Supplemental oxygen therapy, supplied through tanks or an oxygen concentrator, plays a major role in the quality of life of patients with low oxygen levels due to pulmonary arterial hypertension (PAH). However, these patients and others who need supplemental oxygen have had an increasingly difficult time accessing it in recent years. 

The US Centers for Medicare and Medicaid Services (CMS) in 2003 introduced the Durable Medical Equipment, Prosthetics, Orthotics, and Supplies (DMEPOS) Competitive Bidding Program, and it was soon implemented nationwide. Competitive bidding originated as a way for Medicare to save on reimbursement fees for durable medical equipment companies, and CMS experts expect the agency will save up to $600 million over the 3-year Round 2021 contract performance period.

However, competitive bidding has also significantly reduced patients’ access to oxygen and oxygen equipment, according to the American Association for Respiratory Care, which is working for reforms.

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A Loss of Independence

Colleen Connor, 54, a patient with PAH from West Chester, Pennsylvania, is an advocate for oxygen access reform and a member of the Pulmonary Hypertension Association (PHA) and the American Board of Internal Medicine (ABIM) Pulmonary Disease Board. She advocates for 4 pillars of reform

  • Patient-centric care for supplemental oxygen, including changing the definition used by medical equipment companies from home oxygen to supplemental oxygen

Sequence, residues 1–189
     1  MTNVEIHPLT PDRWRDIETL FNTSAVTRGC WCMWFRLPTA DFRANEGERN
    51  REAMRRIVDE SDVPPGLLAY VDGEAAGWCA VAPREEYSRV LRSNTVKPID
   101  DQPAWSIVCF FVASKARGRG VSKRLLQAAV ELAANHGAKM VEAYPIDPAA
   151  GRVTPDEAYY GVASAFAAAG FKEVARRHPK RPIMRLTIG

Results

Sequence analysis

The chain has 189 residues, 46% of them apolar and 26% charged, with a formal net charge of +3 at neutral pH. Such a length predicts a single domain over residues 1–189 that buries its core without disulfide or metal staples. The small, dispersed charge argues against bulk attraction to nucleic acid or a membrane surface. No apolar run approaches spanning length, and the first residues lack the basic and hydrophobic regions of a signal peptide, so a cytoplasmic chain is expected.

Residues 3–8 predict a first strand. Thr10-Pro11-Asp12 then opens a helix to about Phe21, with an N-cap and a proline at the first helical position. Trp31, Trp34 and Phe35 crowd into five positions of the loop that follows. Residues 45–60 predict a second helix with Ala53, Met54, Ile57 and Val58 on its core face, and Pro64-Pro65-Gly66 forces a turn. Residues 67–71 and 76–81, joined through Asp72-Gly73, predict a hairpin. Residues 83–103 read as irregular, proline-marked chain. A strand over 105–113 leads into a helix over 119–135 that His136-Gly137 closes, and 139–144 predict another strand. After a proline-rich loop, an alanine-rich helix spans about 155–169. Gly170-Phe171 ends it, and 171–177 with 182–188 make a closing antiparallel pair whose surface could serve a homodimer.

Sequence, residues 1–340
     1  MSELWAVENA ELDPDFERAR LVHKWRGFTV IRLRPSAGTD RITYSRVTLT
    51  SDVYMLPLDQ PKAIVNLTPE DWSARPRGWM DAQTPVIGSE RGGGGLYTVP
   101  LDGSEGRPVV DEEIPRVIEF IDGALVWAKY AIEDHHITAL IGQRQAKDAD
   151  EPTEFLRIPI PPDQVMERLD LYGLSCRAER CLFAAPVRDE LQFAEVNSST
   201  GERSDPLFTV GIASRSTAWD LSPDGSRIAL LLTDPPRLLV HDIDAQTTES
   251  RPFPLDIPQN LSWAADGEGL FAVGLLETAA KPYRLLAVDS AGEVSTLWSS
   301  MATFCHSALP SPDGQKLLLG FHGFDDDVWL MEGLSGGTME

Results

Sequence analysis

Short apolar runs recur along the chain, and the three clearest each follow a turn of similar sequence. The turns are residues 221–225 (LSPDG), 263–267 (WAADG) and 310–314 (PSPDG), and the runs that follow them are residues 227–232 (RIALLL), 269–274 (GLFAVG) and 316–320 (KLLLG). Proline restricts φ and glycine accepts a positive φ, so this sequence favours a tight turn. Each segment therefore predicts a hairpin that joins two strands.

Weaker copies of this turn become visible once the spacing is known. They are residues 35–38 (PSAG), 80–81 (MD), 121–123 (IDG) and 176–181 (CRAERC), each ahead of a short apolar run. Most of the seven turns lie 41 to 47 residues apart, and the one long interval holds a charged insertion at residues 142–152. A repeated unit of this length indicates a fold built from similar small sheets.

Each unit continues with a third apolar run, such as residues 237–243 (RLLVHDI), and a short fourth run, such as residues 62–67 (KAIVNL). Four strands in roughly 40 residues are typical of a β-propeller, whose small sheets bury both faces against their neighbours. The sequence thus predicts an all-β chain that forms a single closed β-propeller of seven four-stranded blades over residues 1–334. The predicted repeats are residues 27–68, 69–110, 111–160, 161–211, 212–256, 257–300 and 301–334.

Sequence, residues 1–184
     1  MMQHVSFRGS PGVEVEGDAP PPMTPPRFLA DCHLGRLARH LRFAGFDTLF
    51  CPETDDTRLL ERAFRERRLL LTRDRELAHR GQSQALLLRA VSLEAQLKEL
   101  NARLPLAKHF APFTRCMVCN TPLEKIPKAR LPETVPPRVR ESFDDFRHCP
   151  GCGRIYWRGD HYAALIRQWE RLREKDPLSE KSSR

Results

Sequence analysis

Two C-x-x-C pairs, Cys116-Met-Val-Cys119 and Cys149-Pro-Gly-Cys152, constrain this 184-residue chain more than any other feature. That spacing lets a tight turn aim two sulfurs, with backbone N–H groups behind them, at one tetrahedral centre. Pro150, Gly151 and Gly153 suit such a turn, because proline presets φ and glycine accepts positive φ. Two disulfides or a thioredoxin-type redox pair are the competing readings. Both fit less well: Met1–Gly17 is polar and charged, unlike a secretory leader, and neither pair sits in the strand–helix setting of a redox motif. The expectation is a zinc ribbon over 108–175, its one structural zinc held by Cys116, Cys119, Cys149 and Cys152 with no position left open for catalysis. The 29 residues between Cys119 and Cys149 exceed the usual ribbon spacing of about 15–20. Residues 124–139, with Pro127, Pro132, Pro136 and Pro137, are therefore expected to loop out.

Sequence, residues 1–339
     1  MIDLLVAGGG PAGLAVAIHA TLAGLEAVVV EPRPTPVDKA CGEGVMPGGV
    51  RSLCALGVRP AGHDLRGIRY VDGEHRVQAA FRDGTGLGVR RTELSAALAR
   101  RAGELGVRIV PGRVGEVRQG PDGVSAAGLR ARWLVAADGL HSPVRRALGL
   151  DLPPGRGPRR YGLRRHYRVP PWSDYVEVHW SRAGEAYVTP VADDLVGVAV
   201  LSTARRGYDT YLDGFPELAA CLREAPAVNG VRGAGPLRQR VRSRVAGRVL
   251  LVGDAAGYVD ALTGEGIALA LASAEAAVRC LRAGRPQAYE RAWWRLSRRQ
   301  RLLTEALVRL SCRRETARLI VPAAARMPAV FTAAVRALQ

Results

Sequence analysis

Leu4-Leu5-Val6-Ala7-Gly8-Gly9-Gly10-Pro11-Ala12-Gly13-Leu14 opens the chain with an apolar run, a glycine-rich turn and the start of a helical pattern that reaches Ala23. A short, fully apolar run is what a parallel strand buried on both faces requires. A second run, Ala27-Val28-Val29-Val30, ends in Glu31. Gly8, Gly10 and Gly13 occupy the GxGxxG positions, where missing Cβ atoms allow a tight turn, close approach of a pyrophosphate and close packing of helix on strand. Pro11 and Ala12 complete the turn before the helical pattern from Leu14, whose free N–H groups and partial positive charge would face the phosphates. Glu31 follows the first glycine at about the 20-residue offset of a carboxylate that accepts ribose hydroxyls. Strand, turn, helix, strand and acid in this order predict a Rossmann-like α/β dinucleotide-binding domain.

• Ensuring access to liquid oxygen for patients for whom it is medically necessary
  • Reimbursement for respiratory therapists who participate and are engaged in oxygen therapy
  • Ensuring predictable and adequate reimbursement and protecting against fraud and abuse, using national standardized documentation.

Connor said that when she was diagnosed in 2007, a respiratory therapist came to her house to make sure the oxygen she was given met her needs, educated her on oxygen access, and recommended a liquid oxygen system. 

Colleen Connor and her daughter Keira
Colleen Connor, 54, (right) with her daughter Keira, 19, at a family event in August 2023. (Photo courtesy of Colleen Connor)

“I was able to still try to be independent [using liquid oxygen]. I was able to go grocery shopping by myself. I was able to play with my kids in the grass. I was able to go for a walk on the beach. I was able to participate with my husband in teaching my kids how to ride bikes,” she said. 

Connor said a respiratory therapist has not visited her in the last 15 years and she no longer receives liquid oxygen. After recovering from a breast cancer diagnosis and seeking liquid oxygen, she learned her former oxygen provider had stopped offering it. When she looked for a new provider, calling no less than 20 of them, she found they would not provide liquid oxygen to new patients. 

Connor now uses 2 size E compressed oxygen tanks outside her home at a setting of 6 LPM. She said they last only 1.9 hours each on continuous flow and are cumbersome, keeping her from everyday activities such as pushing a grocery cart or walking on a beach with family. “When liquid oxygen was taken away, my independence was basically taken from me,” she said.

With her new oxygen schedule, Connor said she has to ration what she uses outside of her house; her oxygen level is 70%-80% oxidation when out of the house with movement. Most of that time is spent working on advocacy with PHA, ABIM, and a breast cancer organization. 

She said she worries for others who don’t have the same physical ability to leave home, and that leaving home with not enough oxygen could harm her health. “Every time my oxygen is down in the 80s and 70s and 60s, it is wreaking havoc on my heart and my organs,” she said.